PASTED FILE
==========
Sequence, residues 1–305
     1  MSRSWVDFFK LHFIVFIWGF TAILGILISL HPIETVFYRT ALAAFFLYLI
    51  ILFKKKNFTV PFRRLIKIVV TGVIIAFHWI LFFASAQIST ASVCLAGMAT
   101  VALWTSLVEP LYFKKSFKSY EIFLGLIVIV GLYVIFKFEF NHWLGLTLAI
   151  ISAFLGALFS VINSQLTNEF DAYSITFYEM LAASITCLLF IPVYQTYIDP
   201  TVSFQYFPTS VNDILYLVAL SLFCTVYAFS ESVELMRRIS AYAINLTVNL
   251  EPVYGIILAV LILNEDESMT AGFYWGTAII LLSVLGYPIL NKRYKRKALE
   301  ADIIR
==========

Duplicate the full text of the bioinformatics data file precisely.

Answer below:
Sequence, residues 1–305
     1  MSRSWVDFFK LHFIVFIWGF TAILGILISL HPIETVFYRT ALAAFFLYLI
    51  ILFKKKNFTV PFRRLIKIVV TGVIIAFHWI LFFASAQIST ASVCLAGMAT
   101  VALWTSLVEP LYFKKSFKSY EIFLGLIVIV GLYVIFKFEF NHWLGLTLAI
   151  ISAFLGALFS VINSQLTNEF DAYSITFYEM LAASITCLLF IPVYQTYIDP
   201  TVSFQYFPTS VNDILYLVAL SLFCTVYAFS ESVELMRRIS AYAINLTVNL
   251  EPVYGIILAV LILNEDESMT AGFYWGTAII LLSVLGYPIL NKRYKRKALE
   301  ADIIR